My rating: 5 of 5 stars
I’ve never been the timeliest of book bloggers.
A part of that stems from the books that I love; those richly layered books that speak of a classical sensibility and timeless potency, and those books about girls at boarding schools in Austria. I read books from 1901 alongside those from 2015, and I love to find the dialogues between them. The ties of literature. The golden ties of British children’s literature. The building blocks of our national literary voice.
I heard about Mango and Bambang a long time ago and I was thrilled. Intensely, madly, because I was lucky enough to know both Polly Faber and Clara Vulliamy online and I was, and am, a fan of their work. Vulliamy’s work is something I have blogged about before, for her art is nuanced and clever, subtle and generous, a frank delight in every page. Rich, too, with the layered detail present in them, and that clever, clever eye towards the reader. Always. A consciousness of the view and artwork that revels in such. I love her work, truly. In Mango and Bambang, Vulliamy illustrates four deliciously sized stories from Polly Faber, a blogger who I’ve similarly admired for a while. Faber’s generous and lovely and rich writing is a delight.
And so, to this book, which I was both gleeful over and mildly terrified, because I wondered in that British way of always seeing the best in things : what if I didn’t like it?
But I did.
Oh reader, how I did. How to begin to describe this package of utter loveliness, of a charming and warmly detailed friendship between a lonely girl and a tapir? Mango and Bambang is ferociously eccentric, rather brilliantly so, but through that eccentricity carves itself a space that makes me think of E Nesbit and Dodie Smith, and I love that. I love that little tingle on the back of my spine that makes me think of golden age authors, because then I know that I like this book. I like it a lot.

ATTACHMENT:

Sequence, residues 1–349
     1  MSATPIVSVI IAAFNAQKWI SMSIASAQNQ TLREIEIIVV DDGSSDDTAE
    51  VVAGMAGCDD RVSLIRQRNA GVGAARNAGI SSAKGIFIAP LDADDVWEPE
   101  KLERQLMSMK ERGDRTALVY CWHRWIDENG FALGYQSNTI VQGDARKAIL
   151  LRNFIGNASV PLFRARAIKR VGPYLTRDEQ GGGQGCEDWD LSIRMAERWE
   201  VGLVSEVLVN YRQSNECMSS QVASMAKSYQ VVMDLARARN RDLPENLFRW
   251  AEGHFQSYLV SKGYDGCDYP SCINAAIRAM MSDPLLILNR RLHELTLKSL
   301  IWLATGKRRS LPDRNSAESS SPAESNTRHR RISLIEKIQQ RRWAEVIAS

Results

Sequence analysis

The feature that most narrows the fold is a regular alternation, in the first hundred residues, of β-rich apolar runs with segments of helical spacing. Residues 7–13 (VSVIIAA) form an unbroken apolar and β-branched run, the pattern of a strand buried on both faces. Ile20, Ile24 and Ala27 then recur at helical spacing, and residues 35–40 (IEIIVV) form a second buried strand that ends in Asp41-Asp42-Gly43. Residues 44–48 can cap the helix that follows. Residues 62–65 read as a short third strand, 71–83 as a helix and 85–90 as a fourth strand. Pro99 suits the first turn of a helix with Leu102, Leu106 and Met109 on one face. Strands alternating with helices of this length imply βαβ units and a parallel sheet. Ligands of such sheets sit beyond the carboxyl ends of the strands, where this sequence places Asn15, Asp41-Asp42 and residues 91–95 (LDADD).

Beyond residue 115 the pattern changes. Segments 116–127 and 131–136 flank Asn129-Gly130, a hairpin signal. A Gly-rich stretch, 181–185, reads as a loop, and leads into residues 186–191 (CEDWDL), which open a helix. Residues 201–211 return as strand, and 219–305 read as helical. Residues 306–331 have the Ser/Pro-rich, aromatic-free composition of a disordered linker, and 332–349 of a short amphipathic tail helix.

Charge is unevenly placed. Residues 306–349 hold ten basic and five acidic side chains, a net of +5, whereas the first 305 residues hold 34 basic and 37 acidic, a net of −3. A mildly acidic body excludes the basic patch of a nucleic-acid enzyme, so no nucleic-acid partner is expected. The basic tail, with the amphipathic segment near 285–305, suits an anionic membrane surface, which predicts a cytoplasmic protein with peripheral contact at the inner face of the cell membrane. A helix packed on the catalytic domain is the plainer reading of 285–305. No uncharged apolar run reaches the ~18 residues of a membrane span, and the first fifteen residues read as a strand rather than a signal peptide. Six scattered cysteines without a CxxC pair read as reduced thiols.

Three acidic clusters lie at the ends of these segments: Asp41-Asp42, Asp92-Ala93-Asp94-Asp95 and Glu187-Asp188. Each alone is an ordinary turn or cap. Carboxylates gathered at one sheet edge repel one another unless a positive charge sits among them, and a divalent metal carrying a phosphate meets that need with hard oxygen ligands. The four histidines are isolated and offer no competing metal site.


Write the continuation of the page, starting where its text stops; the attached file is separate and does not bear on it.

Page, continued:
I like the honesty of Faber’s writing; the sympathetic, warm, honesty of it. The introduction of Mango, talks about her being busy because “being busy was important, living in a very busy city, full of other busy people being good at things / Because otherwise Mango might have been a little bit lonely”. Listen to that. Say it out loud. Books live in the mind but they also live in the voice, in that little stuttering sliding truth at the end of that quote. Truth says itself, and oh Faber gets that. She also gets the rich delicious humour at the heart of any friendship between a girl and a tapir: “Mango and Bambang hid, not terribly successfully, behind a lamppost”
The dialogue between text and image is wonderful; exuberant in some points, where Mango barks orders at the frenetic cityscape, and poignant at others, intensely so, when Mango stands in spotlighted isolation and the words are almost pushed off page because there isn’t enough space for them: “She looked / smaller than / usual on / her own / under the / lights.” It’s small stuff, but God, it’s clever.
I suspect I’m burbling. I would burble more if I gave you this review in person. If I did, I’d pull your attention to the moment where Bambang wears Mango’s spare swimming hut and show you potentially the most beautiful and loving sketch of a proud, slightly self-conscious but very much loving his life, tapir. Possibly the only example of such in existence, but when it’s this good, why seek for competition?
I’ve never been the timeliest of book bloggers. I heard about Mango and Bambang a long time ago, and I loved it then, and I think I might marry it now.
This book is good. So, so, utterly perfectly so. It’s golden.